Recognizing the challenge of financing and completing needed infrastructure projects, several states in 2016 approved legislation that allows them to enter into public-private partnerships (P3s). But P3 legislation has not always guaranteed quick success in moving projects forward and some states without P3 legislation have been able to explore P3s nonetheless. A number of other states have taken steps in recent years to clarify their goals and procedures with regards to P3 projects. These actions are taking place as the universe of P3 infrastructure projects around the country is expanding well beyond toll roads.

When U.S. Secretary of Transportation Anthony Foxx finished his remarks at the recent InfraAmericas conference on public-private partnerships, or P3s, in New York City, Kentucky state Rep. Leslie Combs was first to the microphone for the Q&A. “We just passed P3 legislation in Kentucky,” said Combs, who this spring authored the legislation that allows Kentucky, like 33 other states, Puerto Rico and the District of Columbia, to enter into P3s to build infrastructure projects.

Congress returned from the August break facing the challenge of having to address a long list of critical issues in the dwindling legislative year. These important issues include reaching agreement on the budget and debt ceiling; addressing the expiring highway funding authority; overhauling federal education policy; and discussing cybersecurity legislation.

CSG Midwest
Iowa became the first state in the Midwest this year to approve a plan to raise taxes for roads, but it may not be the last. According to The Des Moines Register, Iowa’s SF 257 increased the gas and diesel tax by 10 cents (to 31 cents for gas and 22.5 cents for diesel). It will bring in an additional $215 million annually for city, county and state roads. The gas tax in Iowa hadn’t been raised since 1989; the new rates took effect March 1.
 
CSG Midwest
As the new legislative year begins, a years-old problem will once again be on the minds and agendas of lawmakers in several of the Midwest’s capitols: How can we raise more revenue for our ailing roads and bridges, and close shortfalls in our highway funds?
Early signs point to a busy, and potentially productive, few months ahead. Governors in states such as Iowa, Michigan and South Dakota are backing some kind of revenue fix, business groups continue to support it, and legislatures have a host of policy alternatives to consider.
WASHINGTON, D.C.—Congress’ decision this summer to once again tap general funds to temporarily patch up the dwindling federal Highway Trust Fund loomed large over discussions at the CSG Transportation Policy Academy in Washington, D.C., Sept. 15-17....

This session featured discussion about Alaska’s unique transportation portfolio and how some key state projects and programs are helping the state plan for the future in uncertain times; the future of tolling and public-private partnerships; a new report on how states and communities can incorporate analysis of the life cycle costs of transportation projects into decision-making to maximize infrastructure investments; and government initiatives and partnerships with the private sector to ensure a future for electric and alternative fuel vehicles in the United States.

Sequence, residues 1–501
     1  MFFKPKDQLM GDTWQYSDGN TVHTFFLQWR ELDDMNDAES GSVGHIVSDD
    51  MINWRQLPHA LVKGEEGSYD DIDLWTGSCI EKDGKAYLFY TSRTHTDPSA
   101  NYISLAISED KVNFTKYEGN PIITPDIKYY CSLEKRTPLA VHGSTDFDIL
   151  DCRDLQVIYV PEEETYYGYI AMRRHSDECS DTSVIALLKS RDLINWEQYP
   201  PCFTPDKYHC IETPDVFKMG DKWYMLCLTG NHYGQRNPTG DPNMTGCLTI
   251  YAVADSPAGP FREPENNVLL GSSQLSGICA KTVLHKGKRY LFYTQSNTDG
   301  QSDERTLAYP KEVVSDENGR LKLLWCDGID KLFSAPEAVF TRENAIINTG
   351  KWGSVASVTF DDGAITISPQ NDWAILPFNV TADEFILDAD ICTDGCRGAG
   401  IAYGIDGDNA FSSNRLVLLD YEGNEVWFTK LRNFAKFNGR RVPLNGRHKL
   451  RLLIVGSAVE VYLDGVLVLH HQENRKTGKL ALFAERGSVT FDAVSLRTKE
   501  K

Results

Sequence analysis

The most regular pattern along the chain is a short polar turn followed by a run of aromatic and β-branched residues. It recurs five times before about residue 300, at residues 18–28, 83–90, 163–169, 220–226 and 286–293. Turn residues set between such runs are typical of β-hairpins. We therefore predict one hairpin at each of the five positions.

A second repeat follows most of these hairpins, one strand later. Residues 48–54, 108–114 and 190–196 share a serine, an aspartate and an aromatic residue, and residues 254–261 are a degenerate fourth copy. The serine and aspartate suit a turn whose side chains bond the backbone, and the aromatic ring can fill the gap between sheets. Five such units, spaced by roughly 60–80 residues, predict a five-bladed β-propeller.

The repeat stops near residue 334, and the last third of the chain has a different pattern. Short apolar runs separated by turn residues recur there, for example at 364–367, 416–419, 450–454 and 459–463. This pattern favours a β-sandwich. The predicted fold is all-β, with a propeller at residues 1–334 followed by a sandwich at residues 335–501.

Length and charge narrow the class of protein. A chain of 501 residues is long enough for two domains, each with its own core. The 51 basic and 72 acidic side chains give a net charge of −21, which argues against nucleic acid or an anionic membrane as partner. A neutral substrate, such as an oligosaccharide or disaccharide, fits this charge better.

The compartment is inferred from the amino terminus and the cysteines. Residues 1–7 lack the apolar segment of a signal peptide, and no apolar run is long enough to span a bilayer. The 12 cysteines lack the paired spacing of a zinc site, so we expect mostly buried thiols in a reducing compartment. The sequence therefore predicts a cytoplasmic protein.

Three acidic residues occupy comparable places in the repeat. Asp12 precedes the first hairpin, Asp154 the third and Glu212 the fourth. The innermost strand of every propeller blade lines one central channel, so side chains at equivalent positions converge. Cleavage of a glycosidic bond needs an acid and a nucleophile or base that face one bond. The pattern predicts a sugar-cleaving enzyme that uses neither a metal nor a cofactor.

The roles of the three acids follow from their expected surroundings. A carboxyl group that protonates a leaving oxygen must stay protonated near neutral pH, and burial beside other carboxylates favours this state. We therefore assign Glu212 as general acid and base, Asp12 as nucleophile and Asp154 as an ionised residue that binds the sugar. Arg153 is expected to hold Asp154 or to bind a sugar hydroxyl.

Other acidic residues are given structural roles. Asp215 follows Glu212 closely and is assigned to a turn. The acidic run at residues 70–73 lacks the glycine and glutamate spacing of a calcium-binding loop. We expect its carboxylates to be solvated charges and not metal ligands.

Leaders of the Senate Environment and Public Works Committee announced this week they have agreed in principle on how to proceed with the next federal surface transportation authorization bill, the successor to 2012’s MAP-21. I also have the usual roundup of links on the future of the Highway Trust Fund, state activity on transportation revenues, public-private partnerships and tolling and state multi-modal strategies.

I have a new Capitol Research brief out this week looking at the “Changing Face of Transportation Revenues.” In it, I talk with university research professors and other transportation experts about the strategies states have pursued this year to fund transportation investment. In honor of the report’s release, I thought I’d pass along a few updates on what’s happening in a few other states. I also have updates below on tolling, public private partnerships, infrastructure conditions and performance measurement.

While 2013 has been a big year for states considering and approving new transportation revenues, there are signs that a number of states are still struggling to figure out how to pay for maintaining their infrastructure. There’s a plan in Texas to convert some drilling-affected roads to gravel. Meanwhile, Pennsylvania has started posting weight restrictions on some of its bridges. I also have a number of other recent items below to catch you up on the last couple of weeks and provide plenty of reading material through the long holiday weekend.

Pages